Eighteen members of Ashland’s Roadrunners Club were killed in the third-worst nightclub fire in U.S. history on May 28, 1977. In total, 165 revelers died in the Beverly Hills Supper Club fire just across the river from Cincinnati.
Victims were: Virginia Lee Fitch, 62; Robert D. and Charlotte Burns; Fred M. and Ellen Cooksey; Roy and Maxine H. Butler; Marian Adkins, all of Ashland; Helen W. Floyd and Ruth John, Bellefonte; Charles Joe and Maymie Rist of Catlettsburg; Ruth Patterson, Coal Grove; Orville Coulter, Mr. and Mrs. George Polley, Ironton; James E. (Bus) Fowler, Hanging Rock; Millie Overton, Huntington.
The five-year-old travel club — widows, neighbors, mature couples — were there to hear singer John Davidson, who had visited twice before. They were not aware that the nightclub — destroyed by a 1970 fire — had been rebuilt (legally) without sprinklers and with dangerous foam in the structure.
Most of the fatalities — 160 — occurred in the Cabaret Room. Walter Bailey, an 18-year-old busboy who had seen the growing fire and evacuation of other rooms, warned the crowd. Some 10 minutes after initial discovery he walked briskly to the stage and directed the 3,000 patrons toward two exits. He told them there was a small fire in the Zebra Room on the other side of the building, no reason to panic, but leave, now.
Ruth Osborne and others thought he was part of a comedy act but others headed for the doors. There was no panic, no pushing or hurry, and abandoners aided one another. The problem was mass disbelief. They had not seen fire nor smelled smoke. The crowd that did start outward broke into three groups. One headed to a north-south exit, another to double doors in the southeast corner, the third past a bar in the northeast corner of the building. In other rooms, the fire was raging, sending out deadly black smoke.
All at once the choking smoke forced realization, too late for many. A slowly moving file began to panic, to fall victim to smoke and jam the hallway to the principal exit. Some fought their way back inside the Cabaret Room in an effort to escape the smoke. The main exit didn’t lead outside, but through a twisting hallway that would later be filled with smoke and flame. Two 90-degree turns hidden by black smoke trapped many victims. Those headed out a back way couldn’t see and bypassed the door on their left.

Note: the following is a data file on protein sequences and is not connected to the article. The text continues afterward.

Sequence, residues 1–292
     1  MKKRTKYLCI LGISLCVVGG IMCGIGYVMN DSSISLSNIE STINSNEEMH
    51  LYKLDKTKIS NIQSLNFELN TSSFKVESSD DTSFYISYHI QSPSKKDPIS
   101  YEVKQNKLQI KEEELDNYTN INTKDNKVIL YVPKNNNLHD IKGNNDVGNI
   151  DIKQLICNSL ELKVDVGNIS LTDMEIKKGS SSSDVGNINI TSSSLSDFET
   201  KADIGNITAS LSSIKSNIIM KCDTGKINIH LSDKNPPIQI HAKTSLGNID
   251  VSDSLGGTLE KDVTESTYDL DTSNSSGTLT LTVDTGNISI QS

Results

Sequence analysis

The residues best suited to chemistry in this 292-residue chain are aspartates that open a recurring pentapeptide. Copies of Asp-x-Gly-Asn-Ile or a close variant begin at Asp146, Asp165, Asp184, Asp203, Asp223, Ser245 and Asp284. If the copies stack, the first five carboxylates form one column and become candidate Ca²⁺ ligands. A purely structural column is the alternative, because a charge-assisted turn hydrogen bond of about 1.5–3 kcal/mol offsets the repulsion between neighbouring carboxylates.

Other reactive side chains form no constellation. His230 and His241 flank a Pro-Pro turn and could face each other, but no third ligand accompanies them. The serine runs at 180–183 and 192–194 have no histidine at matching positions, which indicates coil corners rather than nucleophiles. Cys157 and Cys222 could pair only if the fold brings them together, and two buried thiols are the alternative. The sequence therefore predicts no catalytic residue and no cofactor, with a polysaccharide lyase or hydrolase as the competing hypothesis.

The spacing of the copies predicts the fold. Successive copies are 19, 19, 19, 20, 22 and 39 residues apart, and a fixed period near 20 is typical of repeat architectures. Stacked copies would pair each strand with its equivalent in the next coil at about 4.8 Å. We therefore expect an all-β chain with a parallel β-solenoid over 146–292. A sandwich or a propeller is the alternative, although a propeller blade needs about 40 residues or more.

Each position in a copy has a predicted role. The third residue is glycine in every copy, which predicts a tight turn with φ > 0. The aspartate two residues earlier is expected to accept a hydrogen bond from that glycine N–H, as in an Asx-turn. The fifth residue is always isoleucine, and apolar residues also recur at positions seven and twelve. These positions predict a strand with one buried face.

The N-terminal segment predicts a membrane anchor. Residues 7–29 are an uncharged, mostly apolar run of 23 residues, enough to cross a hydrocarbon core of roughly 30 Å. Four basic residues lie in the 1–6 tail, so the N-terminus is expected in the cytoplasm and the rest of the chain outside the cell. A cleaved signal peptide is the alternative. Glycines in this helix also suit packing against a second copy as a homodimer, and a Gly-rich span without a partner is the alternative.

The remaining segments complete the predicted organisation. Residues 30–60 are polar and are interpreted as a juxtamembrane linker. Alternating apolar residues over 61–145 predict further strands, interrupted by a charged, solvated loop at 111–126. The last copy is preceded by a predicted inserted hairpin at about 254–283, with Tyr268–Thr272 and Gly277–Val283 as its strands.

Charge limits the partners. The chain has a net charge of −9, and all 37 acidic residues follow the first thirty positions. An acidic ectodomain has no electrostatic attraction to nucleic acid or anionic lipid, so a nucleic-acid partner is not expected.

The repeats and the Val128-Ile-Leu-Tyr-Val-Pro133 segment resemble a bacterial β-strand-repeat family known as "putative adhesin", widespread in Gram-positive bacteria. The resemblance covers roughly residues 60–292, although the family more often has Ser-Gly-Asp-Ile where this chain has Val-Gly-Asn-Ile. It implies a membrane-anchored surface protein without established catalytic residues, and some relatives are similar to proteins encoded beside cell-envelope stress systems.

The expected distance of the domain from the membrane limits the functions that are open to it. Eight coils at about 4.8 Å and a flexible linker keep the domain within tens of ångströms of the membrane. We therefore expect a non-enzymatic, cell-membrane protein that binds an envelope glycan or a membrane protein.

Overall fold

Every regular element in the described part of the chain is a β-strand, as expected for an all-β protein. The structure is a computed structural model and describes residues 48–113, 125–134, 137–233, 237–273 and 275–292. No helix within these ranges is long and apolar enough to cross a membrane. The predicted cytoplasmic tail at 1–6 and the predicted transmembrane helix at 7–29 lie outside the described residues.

Then, while the rest of the building crackled afire, a ball of flame shot 15 to 20 feet through the Cabaret doors. The sight was far more terrifying than smoke had been. The outgoing crush compacted at the other two exits. Realization brought a rush that jammed the doors, working against evacuation, particularly at the corner exit behind the bar. Once outside, patrons stood near the exits, drinks in hand, waiting to return. All at once they formed a block for coming escapees; they were amazed at the crowd. Edith Callihan, among others, was trampled but survived. Helen Artis had to pull out of a trapped shoe. G. W. Curnutte’s eyes were burned, and he and his wife had to be helped outside and hospitalized, along with Elna Rayburn. Survivors called out for friends and relatives and doctors ran from one injured person to another.
About midnight, a bus picked up 43 club members to head back to Ashland. President Bill Mordica remained, identifying the victims, laying in the yard next to the burned-out club. A second bus, carrying only six, got back to Ashland at 7 a.m.; families unaware, came to the community college at 10 a.m. looking in vain.
Only two nightclub fires before Beverly Hills were more deadly. They were the 1942 Coconut Grove fire in Boston with 492 deaths and the Rhythm Nite Club in 1940 at Natchez, Miss., with 209. The worst single-building fire in this country came in 1903 when 602 perished in the Iroquois Theater in Chicago. More recently, The Station fire of 2003 in Warwick, R.I., took 100 lives.
Owners of Beverly Hills were accused of cutting corners, creating a potential trap. Previous state officials were blamed for turning a blind eye to those cuts; lack of funding was given as an excuse. Gov. Julian Carroll, appearing before a Congressional committee, criticized the length of time taken to warn guests in the Cabaret Room. A special grand jury, after being advised not to return indictments unless sure of conviction, returned none.
A civil trial including those issues was tried in federal court in a case moved to Ashland in 1985.
In his analytical book published seven years after the fire, Robert G. Lawson, UK law school dean who served as consultant to the special prosecutor in the case, summarized the blame: “165 lives were lost ... because of a failure of ordinary individuals to measure and recognize extraordinary risk of death to other people.” Lawson concluded by comparing the Cocoanut Grove and Beverly Hills fires and hoping intervals between such tragedies would be more than 25 years.
At least two books have been written on the fire and trial. They are: “Beverly Hills: The Anatomy of a Nightclub Fire,” by Robert G. Lawson, OU Press 1984 and “Inside the Beverly Hills Supper Club Fire,” by Ron Elliott, with Wayne Dammert.